The television landscape is so crowded with new shows and miniseries these days that even the most devoted viewer might find it hard to keep up with the endless stream of debuts. But on Sunday night, two familiar favorites that recently departed the airwaves — HBO's sprawling fantasy epic "Game of Thrones" and the acid-tongued political satire "Veep" — could hog all the glory at the 71st Primetime Emmy Awards.
Here's a look at three key storylines heading into the ceremony, which will be held at the Microsoft Theater in downtown Los Angeles and air live at 8 p.m. ET on FOX.
HBO is set to take a victory lap, barring any major surprises. "Game of Thrones" and "Veep," two marquee series that wrapped up in May, are likely to loom large over the night and could notch wins in the top drama and comedy categories.
"Thrones" divided fans and split critics with its polarizing final season, but the show's sterling Emmys track record — it has the most Emmys of any television series in history, 57 — suggests the giants of Westeros won't be easily felled by rivals in the drama competitions. (Although last year, Hulu's dystopian saga "The Handmaid's Tale" upset "Thrones" in the top contest.) "Thrones," which barrels into the telecast with a staggering 32 nominations, is joined in the best drama race by AMC's "Better Call Saul," Netflix's "Bodyguard," BBC America's "Killing Eve," Netflix's "Ozark," FX's "Pose," HBO's "Succession" and NBC's "This Is Us."
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"Veep," a full-mouthed skewering of Washington that claimed the top comedy prize the last three times it was nominated, will go head-to-head with fellow HBO series "Barry," Amazon Prime Video's "Fleabag," NBC's "The Good Place," Netflix's "Russian Doll," and Pop TV's "Schitt's Creek." Julia Louis-Dreyfus, who starred on the series as the ruthless pol Selina Meyer, could earn her seventh statue for the role — a victory that, combined with her Emmys for "Seinfeld" and "The New Adventures of Old Christine," would make her the most-honored actor in all of Emmy history, according to the Television Academy.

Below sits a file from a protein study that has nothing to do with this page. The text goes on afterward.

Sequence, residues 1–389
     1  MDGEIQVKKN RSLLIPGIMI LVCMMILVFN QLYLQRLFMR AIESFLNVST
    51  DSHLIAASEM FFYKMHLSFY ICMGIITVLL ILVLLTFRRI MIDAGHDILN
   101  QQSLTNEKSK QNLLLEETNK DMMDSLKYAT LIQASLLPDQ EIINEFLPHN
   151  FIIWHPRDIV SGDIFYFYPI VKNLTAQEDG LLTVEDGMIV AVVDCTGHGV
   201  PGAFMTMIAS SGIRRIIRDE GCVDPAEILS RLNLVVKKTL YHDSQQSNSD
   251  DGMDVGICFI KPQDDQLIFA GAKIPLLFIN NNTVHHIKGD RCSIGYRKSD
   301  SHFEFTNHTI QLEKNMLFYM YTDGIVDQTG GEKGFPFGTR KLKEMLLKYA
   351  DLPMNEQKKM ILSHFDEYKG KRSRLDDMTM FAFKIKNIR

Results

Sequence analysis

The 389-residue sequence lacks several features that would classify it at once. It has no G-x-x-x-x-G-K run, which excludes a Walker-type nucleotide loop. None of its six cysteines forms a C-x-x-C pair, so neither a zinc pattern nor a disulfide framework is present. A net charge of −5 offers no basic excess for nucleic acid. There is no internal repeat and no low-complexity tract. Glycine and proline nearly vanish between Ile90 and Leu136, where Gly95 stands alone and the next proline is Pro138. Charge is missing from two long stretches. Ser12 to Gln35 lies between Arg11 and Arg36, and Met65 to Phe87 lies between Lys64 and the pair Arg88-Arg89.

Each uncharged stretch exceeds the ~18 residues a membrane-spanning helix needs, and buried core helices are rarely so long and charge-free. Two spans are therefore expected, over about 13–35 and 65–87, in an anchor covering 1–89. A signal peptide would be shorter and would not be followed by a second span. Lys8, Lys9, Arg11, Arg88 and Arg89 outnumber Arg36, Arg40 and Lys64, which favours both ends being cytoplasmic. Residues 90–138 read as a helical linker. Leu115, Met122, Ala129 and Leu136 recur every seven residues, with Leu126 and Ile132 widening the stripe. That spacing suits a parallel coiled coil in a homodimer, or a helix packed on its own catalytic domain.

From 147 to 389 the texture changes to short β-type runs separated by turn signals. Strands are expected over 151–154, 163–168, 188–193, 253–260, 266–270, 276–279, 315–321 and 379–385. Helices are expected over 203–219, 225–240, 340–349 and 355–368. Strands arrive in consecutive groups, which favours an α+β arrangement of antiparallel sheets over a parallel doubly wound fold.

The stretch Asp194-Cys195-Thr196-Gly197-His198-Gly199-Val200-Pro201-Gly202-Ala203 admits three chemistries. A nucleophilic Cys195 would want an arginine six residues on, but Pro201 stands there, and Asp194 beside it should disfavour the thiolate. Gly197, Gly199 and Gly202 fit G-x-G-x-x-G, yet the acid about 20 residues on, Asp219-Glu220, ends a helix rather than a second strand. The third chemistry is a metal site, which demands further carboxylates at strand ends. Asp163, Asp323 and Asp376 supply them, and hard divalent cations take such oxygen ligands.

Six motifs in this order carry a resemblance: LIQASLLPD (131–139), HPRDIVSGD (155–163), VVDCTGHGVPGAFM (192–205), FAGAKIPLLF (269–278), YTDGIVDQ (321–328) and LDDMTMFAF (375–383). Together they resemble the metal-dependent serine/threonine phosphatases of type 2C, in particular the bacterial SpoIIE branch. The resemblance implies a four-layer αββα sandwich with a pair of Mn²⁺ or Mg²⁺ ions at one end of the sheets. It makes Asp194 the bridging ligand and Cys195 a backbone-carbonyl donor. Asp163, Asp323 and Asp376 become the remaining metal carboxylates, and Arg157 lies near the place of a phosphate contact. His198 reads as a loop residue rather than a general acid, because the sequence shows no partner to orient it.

Rob Wade, Fox's president of alternative entertainment, reportedly said the no-host ceremony would free up more time to honor the shows that ended their runs this year. He also reportedly said Fox was eager to mix up the standard formula, especially without an obvious candidate for the job from one of the network's shows.
"We’ve had great success with a hostless Creative Arts Emmys, and we’re happy to give Fox and the production companies freedom to do what they think will be best for the Emmy telecast celebrating the best of television," Frank Scherma, the Television Academy’s chairman and chief executive, said in a statement in August.
The absence of a host could help the three-hour telecast feel brisk and snappy, a symbolic win for critics who say major award shows have become too bloated. But the adjusted format could also starve the night of sharp topical jokes that typically crop up during the opening monologue — especially barbs about President Donald Trump, who has said he finds the Emmys "sooooo boring!"
Sandra Oh, an eight-time Emmy nominee who riveted fans of the twisted crime thriller "Killing Eve" in its second season, could become the first performer of Asian descent to triumph in the lead drama actress category. The Korean-Canadian actress, who received five supporting actress nominations for her role on the medical drama "Grey's Anatomy," lost last year to Claire Foy of "The Crown." But she still made a big impression during awards season with a well-reviewed co-hosting stint at the Golden Globes, alongside "SNL" alum Andy Samberg.
Billy Porter, the Broadway star, pop singer and actor who appears on FX's groundbreaking drama "Pose," could become the first openly gay man to claim lead actor honors. Porter, who won a Tony Award in 2003 for his magnetic performance in the musical "Kinky Boots," was also nominated for a Critic' Choice Television Award for his work on "Pose."